Stan State Looks to Collaborate with Community Groups in Addressing Societal Issues
September 06, 2021
Anysia Mayer

Anysia Mayer’s first research effort in Stockton began in 2002 when she studied International Baccalaureate programs for her doctoral dissertation and included the one at Stockton Unified School District’s Franklin High School. 

Nearly 20 years later, Mayer is back in Stockton with an eye toward more research as the first director of Stanislaus State’s Community Equity Research Center (CERC), previously the Center for Public Policy Studies, which will be housed at the Stockton Campus

“The goals of the Stockton Campus align with the Center in looking at the needs of the community and being community based,” Mayer said. “It also demonstrates our commitment to Stockton.” 

One goal, Mayer said, is to unite Stan State’s geographical reach. 

“We’re already in Turlock and have a physical presence there,” Mayer said. “Our hope is to bring Turlock and Modesto to Stockton, to bring more collaboration across Stanislaus and San Joaquin counties.” 

Stockton is well suited for a community-driven research facility open to faculty from both campuses. 

As proposed by John Garcia and Kelvin Jasek-Rysdahl, who co-chaired the Center for Public Policy Studies, CERC will be “built on a vision of research and policy that partners and engages with community members in continuous issues-driven research and community action, built on a foundation of the lived experiences and priorities of marginalized community members in the San Joaquin Valley.” 

Mayer said CERC will eschew traditional research forms — with the researcher guiding the entire process — and instead rely on participatory action research proposed by members of the community. 

Non-profit and other groups who bring issues to CERC will have University researchers — faculty and students — available to lend their expertise. 

Data collected and outcomes then will be shared and reviewed by all in an effort to find possible solutions. 

Participatory action research is what Mayer teaches her students in the educational doctorate program, and is the methodology she used when working with schools in Hartford, where she taught at the University of Connecticut.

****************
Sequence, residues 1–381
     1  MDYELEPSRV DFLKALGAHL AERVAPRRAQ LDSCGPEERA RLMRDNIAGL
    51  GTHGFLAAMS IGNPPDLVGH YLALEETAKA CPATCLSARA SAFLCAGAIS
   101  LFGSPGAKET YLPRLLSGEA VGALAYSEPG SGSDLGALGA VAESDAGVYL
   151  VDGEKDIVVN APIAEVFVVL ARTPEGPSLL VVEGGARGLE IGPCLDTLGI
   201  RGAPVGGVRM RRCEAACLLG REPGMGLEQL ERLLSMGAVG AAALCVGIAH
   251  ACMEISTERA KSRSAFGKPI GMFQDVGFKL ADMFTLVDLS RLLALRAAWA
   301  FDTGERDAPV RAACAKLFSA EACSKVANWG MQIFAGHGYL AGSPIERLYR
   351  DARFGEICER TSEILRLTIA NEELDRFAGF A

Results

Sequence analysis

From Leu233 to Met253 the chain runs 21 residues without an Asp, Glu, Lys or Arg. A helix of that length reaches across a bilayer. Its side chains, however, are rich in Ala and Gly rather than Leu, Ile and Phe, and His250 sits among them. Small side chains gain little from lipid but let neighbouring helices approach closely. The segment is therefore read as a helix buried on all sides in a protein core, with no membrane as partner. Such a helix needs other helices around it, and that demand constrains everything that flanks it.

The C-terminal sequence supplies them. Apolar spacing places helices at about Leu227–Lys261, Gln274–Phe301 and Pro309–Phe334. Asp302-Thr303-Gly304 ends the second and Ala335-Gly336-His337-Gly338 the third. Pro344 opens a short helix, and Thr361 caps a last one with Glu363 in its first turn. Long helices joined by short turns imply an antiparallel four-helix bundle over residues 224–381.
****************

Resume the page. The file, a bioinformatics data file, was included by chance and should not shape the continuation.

“We’d be reading the transcripts together and saying, ‘I see this. What do you see?’” she said. “They understand the context, so they might see things we missed, or we might see things they missed. You develop a solution collaboratively.” 

Plenty of studies and research have been done on numerous issues, but positive changes don’t necessarily follow. 

“That’s why this idea of participatory action research, which is very old, can be so powerful,” Mayer said. “You are studying your own practice and have the power to change it.” 

Devoting herself to establishing the structural foundation of CERC, including organizing a board comprised of community members and partners to drive research projects, means stepping back from some of her teaching duties. 

“It’s difficult,” Mayer said. “I love my job. I love my students. This needs to be done. I want to build this infrastructure so it’s easier for doctoral students, master’s students and new faculty to engage in this research. We’re hoping to engage all the programs that are already doing this type of work, plug them into the Center and get everyone on campus connected.” 

Mayer, a professor in the Doctor of Education in Educational Leadership program who has served on governance boards on the Turlock campus, felt called to lead CERC. 

The child of immigrants — her father is of Russian descent and came to San Francisco via China, her mother is Ukranian and came from Canada — Mayer grew up with English-language learners. Neither of her parents finished high school. 

“I have this sense of identity with this community of poverty and struggling, being first generation and making mistakes and not having money to go to school. All of those things,” Mayer said. “I see published scholars of color say, ‘I didn’t get here alone. I had help.’ I identify with that story. I didn’t get here alone. I had people help me, and it’s my responsibility now to help others have access to everything I have. There should be no doors closed to anyone, especially doors to knowledge.” 

Mayer credits her advisor at UC Davis, Patricia Gandara, who now works for the Civil Rights Project at UCLA, with urging her to get a Ph.D. when Mayer believed such an attainment was beyond the reach of the daughter of immigrants. But after earning her bachelor’s degree at Davis, Mayer earned her master’s and doctorate there. 

It was while working on her doctorate that she was introduced to Stockton, and she then worked at the University of Connecticut before joining the Stan State faculty in 2014. 

Now, she’s ready to establish CERC. 

“It’s about building on the work the Stockton Campus is doing, building on the partnerships Dean Faimous Harrison has created,” Mayer said.  

“The first step is understanding what the interests and expertise are on campus with our current faculty. Whether it’s mentoring students, working it into their classes, or starting research projects, I want to mobilize and develop a faculty community and faculty expertise around this methodology and be able to bring this to the community and say, ‘This is what we have to offer.’”